Nebbiolo wine produced in Barolo and Barbaresco must follow a standard set of DOCG rules in order to be called by the names Barolo and Barbaresco. There are some winemakers who produces versions of Nebbiolo wines that do not meet the qualifications to be called Barolo and Barbaresco, and these wines are labelled with the name "Langhe Nebbiolo" (where Langhe is the geographic name of the region). In general Langhe Nebbiolos are not as high quality as Barolos and Barbarescos, because those names bring higher prices in the market. However, Cascina Ebraica is an example of a high quality winemaker who prefers to make Langhe Nebbiolo because he believes he makes better wines not following the rules. 68.175.101.2 (talk) 19:34, 4 September 2009 (UTC)

This page needs work[edit]

Reading this page it seems there are a number of odd syntax errors and the entire page seems to need some polishing. I will work on this as I am able and would welcome help from anyone who would like to pitch in. We should use the talk page to work out any consensus regarding the description of this grape. Ee60640 07:05, 9 June 2007 (UTC)

WikiProject Food and drink Tagging[edit]

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Clones - Should they, eventually, have their own pages?[edit]

Should the clones (referenced - Rosé Nebbiolo, Lampia, Michet) have their own pages as well? If they aren't ready for their own pages, should they be in red (meaning to-be-paged when written)? Tesseract501 2 March 2009 (UTC)

I really don't think there is enough content or reliable sources to have more than a stubs worth. Therefore its probably best to keep them redirected to the main article. AgneCheese/Wine 16:41, 2 March 2009 (UTC)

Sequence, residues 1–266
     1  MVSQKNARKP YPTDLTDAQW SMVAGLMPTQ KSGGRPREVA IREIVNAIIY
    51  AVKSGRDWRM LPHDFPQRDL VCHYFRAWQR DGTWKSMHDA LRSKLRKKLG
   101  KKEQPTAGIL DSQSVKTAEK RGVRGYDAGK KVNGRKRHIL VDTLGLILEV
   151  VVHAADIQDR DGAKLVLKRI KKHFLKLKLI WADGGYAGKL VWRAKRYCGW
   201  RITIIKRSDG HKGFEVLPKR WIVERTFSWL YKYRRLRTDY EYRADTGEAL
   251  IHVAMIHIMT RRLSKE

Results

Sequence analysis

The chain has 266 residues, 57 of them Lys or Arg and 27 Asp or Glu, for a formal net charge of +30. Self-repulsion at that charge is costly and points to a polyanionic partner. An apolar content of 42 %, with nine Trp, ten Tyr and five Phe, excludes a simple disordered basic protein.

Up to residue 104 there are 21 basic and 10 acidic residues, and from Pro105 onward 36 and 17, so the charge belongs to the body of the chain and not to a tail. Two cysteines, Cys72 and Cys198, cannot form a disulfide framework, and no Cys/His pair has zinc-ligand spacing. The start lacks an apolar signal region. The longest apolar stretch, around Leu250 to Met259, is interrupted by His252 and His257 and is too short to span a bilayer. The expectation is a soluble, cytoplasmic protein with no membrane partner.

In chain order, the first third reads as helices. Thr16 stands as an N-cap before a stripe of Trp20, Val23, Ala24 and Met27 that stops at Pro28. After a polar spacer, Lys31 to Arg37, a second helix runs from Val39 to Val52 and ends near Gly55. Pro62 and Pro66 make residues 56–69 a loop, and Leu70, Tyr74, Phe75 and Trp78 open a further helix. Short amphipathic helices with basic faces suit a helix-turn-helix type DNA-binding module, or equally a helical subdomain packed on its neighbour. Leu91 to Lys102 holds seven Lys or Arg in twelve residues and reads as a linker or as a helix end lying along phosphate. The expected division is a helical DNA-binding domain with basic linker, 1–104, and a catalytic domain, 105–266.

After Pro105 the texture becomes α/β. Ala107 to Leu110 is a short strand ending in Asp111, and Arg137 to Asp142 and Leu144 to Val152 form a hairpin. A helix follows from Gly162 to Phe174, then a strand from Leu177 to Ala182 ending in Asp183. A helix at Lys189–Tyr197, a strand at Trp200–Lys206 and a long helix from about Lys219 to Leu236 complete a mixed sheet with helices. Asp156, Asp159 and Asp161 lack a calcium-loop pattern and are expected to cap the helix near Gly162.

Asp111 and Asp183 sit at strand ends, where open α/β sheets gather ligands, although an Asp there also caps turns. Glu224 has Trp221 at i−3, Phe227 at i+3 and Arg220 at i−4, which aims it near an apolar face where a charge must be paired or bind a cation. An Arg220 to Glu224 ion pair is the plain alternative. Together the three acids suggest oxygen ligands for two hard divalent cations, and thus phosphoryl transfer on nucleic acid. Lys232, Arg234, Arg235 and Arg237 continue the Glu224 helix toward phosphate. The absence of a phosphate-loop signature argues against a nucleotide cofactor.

That makes sense, as long as a search on their names brings up the pages where they are referenced. I.e., they are set up as link-able (is that a word?). If someone comes up with more substantial data about any of them, they can become their own pages. Thanks for the reply. Tesseract501 (talk) 02:20, 9 March 2009 (UTC)

Modern vs. Traditional[edit]

This article is pretty much wrong when it comes to the discussion of traditional and modernist styles of Barolo and Barbaresco. It's correct in everything it does say, but it leaves out the most important distinction! Traditionally, Barolo and Barbaresco are aged in larger barrels called botte made from Slovenian oak. The "modernists" advocate instead the use of barriques, small barrels made of French oak imported from France. A page where you can read about some of this is [7] here is another much more extensive including interviews with key players [8] The modernist use of French barrique in Barolo and Barbaresco was led and advocated by Angelo Gaja and Elio Altare, and I think Domenico Clerico and Paolo Scavino, all of whose wine is available today. Yes, there are many other distinctions that are modern vs. traditional, natural yeast vs. industrial/laboratory, rotofermentation, temperature control, etc., etc., but it is barrique that has stuck and makes the major non traditional taste difference. 68.175.101.2 (talk) 02:09, 5 September 2009 (UTC)

Wikipedia articles shouldn't include conjecture, just the facts please.[edit]

I'm specifically referring to the introduction of the article where it's stated that "Nebbiolo is thought to derive its name" from fog, or from fog-like milky veil or perhaps the Italian word for 'noble'. Huh? What a way to start out a Wikipedia article.

Articles in Wikipedia are suppose to be authoritative. No weasel words (or sentences) please. If no one knows the actual origins of the word 'nebbiolo' then just leave out all the conjecture. It will make this article that much stronger. Peter-T (talk) 17:44, 22 January 2011 (UTC)